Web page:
Theatre of the 1930s, or: What is The Last Kiss?

June 14, 2017

 

Stage Kiss centers around a play within the modern narrative. Here’s what we know about The Last Kiss, the fictional play in which She and He are acting: it was an unfortunate flop on Broadway in 1932 written by the team of “Landor, Erbmann, and Marmel,” and it’s a musical melodrama focusing on a “doomed romance.” What was happening in the 1930s in the world of the theatre, and where would The Last Kiss have fit in?

 

In the wake of the Great Depression, the financial outlook for theatre dipped. Many theatres remained dark from 1929 on, and many actors fled New York for more promising prospects in Hollywood. While the 1929-1930 season saw 233 productions, the following season only had 187. But that doesn’t mean that there was a dip in creativity! As in countless times of political strife, many writers began to focus on working in the realm of civil & social concerns. The Group Theatre formed in 1931, and was openly anti-commercial, focusing on plays that had social relevance. These playwrights, actors, and producers like Stella Adler, Clifford Odets, Stanford Meisner, and Lee Strasberg, focused on realism, popularizing Stanislavsky’s “method” style of acting and producing works like Odets’ Waiting for Lefty.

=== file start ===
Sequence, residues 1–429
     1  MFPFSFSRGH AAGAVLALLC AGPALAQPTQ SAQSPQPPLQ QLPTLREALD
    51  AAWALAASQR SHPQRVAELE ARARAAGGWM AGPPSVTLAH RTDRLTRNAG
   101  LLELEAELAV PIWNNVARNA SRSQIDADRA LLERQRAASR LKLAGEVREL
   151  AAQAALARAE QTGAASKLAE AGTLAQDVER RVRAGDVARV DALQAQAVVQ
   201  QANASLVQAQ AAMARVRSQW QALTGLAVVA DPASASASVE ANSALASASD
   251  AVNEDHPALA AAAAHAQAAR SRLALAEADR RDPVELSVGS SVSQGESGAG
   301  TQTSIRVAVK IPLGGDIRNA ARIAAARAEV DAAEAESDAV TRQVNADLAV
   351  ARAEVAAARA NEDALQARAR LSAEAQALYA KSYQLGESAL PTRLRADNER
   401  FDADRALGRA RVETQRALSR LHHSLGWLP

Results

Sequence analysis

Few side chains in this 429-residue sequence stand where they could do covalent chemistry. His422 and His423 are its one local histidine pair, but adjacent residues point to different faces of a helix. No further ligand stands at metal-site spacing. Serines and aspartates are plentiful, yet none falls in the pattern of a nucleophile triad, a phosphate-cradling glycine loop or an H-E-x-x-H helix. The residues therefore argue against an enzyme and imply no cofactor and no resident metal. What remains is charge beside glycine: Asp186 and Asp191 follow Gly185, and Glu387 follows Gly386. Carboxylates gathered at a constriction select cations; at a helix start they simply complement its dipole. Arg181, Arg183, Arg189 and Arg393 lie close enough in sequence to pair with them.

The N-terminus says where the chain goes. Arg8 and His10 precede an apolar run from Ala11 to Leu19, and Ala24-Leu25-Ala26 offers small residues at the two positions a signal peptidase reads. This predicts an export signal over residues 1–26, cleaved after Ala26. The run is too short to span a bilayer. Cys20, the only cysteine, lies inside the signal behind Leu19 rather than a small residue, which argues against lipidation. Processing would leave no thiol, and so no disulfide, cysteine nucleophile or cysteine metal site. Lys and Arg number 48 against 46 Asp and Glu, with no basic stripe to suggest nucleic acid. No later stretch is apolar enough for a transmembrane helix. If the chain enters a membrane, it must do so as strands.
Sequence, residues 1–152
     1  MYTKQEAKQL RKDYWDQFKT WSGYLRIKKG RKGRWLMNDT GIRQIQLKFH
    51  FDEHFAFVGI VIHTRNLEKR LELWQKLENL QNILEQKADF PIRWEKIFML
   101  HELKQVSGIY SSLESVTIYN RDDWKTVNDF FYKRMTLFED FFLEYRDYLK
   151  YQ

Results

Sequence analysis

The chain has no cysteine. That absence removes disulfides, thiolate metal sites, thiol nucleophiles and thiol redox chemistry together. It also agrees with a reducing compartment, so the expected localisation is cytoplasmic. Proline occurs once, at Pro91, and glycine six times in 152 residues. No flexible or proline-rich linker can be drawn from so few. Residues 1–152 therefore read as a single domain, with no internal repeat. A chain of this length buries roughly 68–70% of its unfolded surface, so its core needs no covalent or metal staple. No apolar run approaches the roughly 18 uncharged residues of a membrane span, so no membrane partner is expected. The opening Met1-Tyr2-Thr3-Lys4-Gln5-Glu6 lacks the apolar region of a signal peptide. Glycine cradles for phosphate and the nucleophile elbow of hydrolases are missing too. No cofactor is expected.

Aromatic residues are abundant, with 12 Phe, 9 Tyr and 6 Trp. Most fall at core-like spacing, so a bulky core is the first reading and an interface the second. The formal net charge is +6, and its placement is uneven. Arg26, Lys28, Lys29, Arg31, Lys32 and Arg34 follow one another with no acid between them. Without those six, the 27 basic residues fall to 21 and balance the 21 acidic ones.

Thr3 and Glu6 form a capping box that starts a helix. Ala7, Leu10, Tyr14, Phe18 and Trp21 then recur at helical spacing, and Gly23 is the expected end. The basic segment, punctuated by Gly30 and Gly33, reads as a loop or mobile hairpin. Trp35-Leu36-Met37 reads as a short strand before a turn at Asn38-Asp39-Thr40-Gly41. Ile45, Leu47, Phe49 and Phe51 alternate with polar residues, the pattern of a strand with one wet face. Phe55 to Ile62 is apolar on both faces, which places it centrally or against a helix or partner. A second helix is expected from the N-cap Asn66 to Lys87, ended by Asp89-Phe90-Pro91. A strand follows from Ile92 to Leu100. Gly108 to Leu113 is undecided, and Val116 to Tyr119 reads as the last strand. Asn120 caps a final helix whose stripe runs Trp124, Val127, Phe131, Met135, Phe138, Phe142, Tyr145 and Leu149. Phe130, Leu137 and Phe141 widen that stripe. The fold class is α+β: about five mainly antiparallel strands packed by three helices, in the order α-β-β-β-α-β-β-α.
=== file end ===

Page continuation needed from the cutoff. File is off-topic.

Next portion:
Of course, there were other, more populist entertainment-focused works coming out of the American theatre, the type of which The Last Kiss would have fit right in. George Kaufman’s musical Of Thee I Sing, co-written with collaborator Morrie Ryskind, composer George Gershwin, and lyricist Ira Gershwin, won the Pulitzer Prize for drama in 1932, the first musical to do so. It ran for 441 performances. Noel Coward’s work was celebrated in this decade, beginning with 1930’s Private Lives, and continuing with plays like Design for Living (1932) and Present Laughter (1939), and musicals like Conversation Piece (1934). Gay Divorcee (1932) and Anything Goes (1934) were two Cole Porter pieces that typified musicals in the early part of this decade.  Ada Wilcox (She) and Johnny Lowell’s (He) relationship, as fraught as it was, might have been appropriate in any of these works.

 

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